The Caspian Pipeline Consortium's (CPC) oil shipment in Novorossiysk, which has already been operating at a reduced capacity until the end of the month, may suspend its activity periodically due to the procedure of removing unexploded torpedoes and mines left on the seabed from World War II, according to Kapital.
The news was initially reported by the Russian daily newspaper, Kommersant, which made the claim that some 50 potentially dangerous objects have been found in the waters near the CPC's shipping facilities.
According to several sources, the water area near the consortium's loading facilities was closed on June 16 in order to investigate the threat level of the munitions. The Port of Novorossiysk Administration announced that the survey would continue until the end of June with Kommersant reporting the next de-mining operation to be scheduled for 20 June.
The Federal Agency for Maritime and River Transport (Rosmorrechflot), which manages issues related to the security of maritime transportation, could not confirm this information, citing that they were not aware of anything concerning the order.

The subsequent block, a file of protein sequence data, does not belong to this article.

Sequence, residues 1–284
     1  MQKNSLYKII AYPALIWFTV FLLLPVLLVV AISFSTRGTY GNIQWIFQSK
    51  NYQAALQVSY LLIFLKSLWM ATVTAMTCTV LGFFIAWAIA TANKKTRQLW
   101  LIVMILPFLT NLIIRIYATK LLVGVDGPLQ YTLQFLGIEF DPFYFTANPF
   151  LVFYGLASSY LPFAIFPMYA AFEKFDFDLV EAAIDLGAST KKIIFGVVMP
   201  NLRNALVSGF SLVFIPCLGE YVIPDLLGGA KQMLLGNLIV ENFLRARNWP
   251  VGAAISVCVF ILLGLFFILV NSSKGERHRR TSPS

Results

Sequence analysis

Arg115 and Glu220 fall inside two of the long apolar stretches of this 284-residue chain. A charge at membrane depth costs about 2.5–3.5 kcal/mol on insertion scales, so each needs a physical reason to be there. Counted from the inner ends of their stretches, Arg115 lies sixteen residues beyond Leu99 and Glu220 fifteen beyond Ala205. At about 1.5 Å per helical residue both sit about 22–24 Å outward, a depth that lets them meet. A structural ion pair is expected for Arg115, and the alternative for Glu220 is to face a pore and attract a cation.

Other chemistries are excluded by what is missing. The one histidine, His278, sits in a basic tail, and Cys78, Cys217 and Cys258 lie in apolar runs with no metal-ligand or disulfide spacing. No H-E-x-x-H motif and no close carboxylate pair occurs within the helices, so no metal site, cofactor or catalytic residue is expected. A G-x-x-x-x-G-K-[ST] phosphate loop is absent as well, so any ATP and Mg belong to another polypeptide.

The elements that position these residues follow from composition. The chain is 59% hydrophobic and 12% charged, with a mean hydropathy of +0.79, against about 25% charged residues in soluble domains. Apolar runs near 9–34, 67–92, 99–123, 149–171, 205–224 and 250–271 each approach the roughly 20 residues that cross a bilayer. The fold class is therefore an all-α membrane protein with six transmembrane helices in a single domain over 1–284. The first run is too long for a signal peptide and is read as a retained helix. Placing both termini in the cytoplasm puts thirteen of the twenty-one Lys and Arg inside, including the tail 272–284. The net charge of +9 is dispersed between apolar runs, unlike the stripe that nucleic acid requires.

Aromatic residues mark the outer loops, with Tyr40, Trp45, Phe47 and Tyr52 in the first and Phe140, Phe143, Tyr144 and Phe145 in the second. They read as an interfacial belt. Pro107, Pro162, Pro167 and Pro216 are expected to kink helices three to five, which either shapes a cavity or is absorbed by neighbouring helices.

The consortium's website announced that a meeting was held on 18 June 2022 by the leadership of CPC Director-General Nikolay Gorban with the management of the Russian Ministry of Emergency Situations. The discussion centered on conducting a continued survey of the water area of FPU-1 and FPU-2 for the detection of explosive objects on the seabed.
During the meeting, procedures were developed for further side-scan sonar survey work on a number of targets. It was determined that confirmation of mine-like object data would be carried out by mobile diving teams and a remotely operated unmanned underwater vehicle (ROV). Confirmed explosive ordnance based on hazard identification will be moved to the place of destruction (in the sea, outside the TLU).
The CPC is the main route for transporting oil from Kazakhstan to Western markets. Oil from the pipe is shipped to tankers via a marine terminal near Novorossiysk, equipped with three offshore mooring facilities.
On June 15, the CPC announced that it was shutting down PMU-1 and PMU-2 to survey the water area, while PMU-3 continued normal operations.
It had already shut down two TLUs less than three months ago when they were damaged during a storm. Experts estimate that the global market lost about 1 million b/d of oil during the three weeks of repair work.